I lot of time these past two days I am in and out of some real rapture and heightened appreciation for colors, smells, etc. (this will change)

So that absurd saying "god never sends you anything more than you can handle," while completely false, is also, almost entirely true.
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The Universal, Magnanimous Mind 02 Mar 2012 14:27 #5697

"So that absurd saying "god never sends you anything more than you can handle," while completely false, is also, almost entirely true."

Because.... you can actually "handle" everything ;-)
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The Universal, Magnanimous Mind 02 Mar 2012 15:49 #5698

"Because.... you can actually 'handle' everything ;-)"



Reading this statement, my mind throws out all sorts of reason why it isn't exactly true. Surely there are events within the realm of possibilities which I would not be able to handle, right?



At the same time, my experience tells me that experience in itself is not toxic. It might be so painful that my nervous system shuts down, causing me to black out. But pain leads to suffering only when we are unwilling to have our experience fully. This is SO much more easily said than done. I can say with confidence that at this point in my life, I am not beyond all aversive reactions (this almost goes without saying).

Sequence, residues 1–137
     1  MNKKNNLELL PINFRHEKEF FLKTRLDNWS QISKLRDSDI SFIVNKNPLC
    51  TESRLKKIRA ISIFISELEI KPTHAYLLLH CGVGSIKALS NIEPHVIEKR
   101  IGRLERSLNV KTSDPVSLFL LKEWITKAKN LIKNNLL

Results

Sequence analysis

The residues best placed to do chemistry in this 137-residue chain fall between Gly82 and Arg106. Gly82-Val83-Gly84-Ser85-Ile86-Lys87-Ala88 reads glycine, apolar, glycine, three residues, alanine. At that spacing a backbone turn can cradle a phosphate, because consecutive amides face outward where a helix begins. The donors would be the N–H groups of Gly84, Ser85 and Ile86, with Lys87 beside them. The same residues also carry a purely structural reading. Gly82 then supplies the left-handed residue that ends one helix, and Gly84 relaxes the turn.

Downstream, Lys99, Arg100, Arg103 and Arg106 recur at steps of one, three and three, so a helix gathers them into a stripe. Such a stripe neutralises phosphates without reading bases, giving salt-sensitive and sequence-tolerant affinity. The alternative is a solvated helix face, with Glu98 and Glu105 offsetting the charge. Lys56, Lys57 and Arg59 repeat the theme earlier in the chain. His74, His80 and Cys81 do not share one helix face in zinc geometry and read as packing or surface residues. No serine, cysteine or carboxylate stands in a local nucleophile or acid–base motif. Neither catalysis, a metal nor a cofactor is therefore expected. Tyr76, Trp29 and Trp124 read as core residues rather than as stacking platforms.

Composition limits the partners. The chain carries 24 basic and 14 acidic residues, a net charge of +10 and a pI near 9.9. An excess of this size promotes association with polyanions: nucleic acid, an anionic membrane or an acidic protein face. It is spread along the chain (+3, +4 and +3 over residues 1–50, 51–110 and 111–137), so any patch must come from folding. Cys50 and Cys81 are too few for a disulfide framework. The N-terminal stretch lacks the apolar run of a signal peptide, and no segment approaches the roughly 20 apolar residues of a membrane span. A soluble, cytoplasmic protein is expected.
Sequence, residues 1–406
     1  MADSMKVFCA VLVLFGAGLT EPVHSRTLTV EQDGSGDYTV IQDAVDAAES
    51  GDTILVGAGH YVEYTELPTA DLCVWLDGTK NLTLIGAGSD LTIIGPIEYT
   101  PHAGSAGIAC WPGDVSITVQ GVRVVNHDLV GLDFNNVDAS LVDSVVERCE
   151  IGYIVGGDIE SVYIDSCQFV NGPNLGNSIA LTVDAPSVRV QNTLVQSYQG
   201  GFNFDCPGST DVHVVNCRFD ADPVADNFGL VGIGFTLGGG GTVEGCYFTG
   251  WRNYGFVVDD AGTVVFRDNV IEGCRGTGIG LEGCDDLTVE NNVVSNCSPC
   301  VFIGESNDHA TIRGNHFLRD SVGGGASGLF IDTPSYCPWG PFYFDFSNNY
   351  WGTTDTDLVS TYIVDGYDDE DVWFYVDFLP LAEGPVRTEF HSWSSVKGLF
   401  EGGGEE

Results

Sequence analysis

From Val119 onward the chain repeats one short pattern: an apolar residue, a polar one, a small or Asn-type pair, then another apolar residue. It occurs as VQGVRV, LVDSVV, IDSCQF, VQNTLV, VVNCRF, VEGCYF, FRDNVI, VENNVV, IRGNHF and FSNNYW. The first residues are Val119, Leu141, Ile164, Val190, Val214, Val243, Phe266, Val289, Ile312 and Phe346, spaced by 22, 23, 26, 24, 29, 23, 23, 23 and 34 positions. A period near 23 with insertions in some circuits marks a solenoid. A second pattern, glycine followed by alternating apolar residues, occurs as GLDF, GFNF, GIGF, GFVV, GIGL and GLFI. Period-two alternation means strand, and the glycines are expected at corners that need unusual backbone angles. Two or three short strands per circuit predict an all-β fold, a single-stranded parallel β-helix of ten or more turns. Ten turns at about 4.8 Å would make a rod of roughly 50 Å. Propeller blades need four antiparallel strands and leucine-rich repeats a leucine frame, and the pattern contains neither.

Again, regarding the "God does not give us more than we can handle" statement, the part that bothers me is the idea that an all-knowing, all-powerful, and all-loving God would intentionally bring problems to our lives, even if for the sake of spiritual growth. Such a God would certainly be able to choose a different way for people to grow which didn't involve suffering. The fact that God would choose this situation for his/her/its creation makes wonder why loving devotion is expected. This argument is nothing new, of course. But it's still relevant. Somehow, what is meant as a comforting statement (much like, "Your loved one is in a better place now") turns out to be largely unhelpful most of the time.



How much more helpful would it be to say, "You're hurting right now, and I wouldn't expect anything less. You can get through this, and the way through is to turn toward it, to feel it. It may not seem like you can handle it, but I believe we are all more capable than we realize."
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The Universal, Magnanimous Mind 02 Mar 2012 15:59 #5699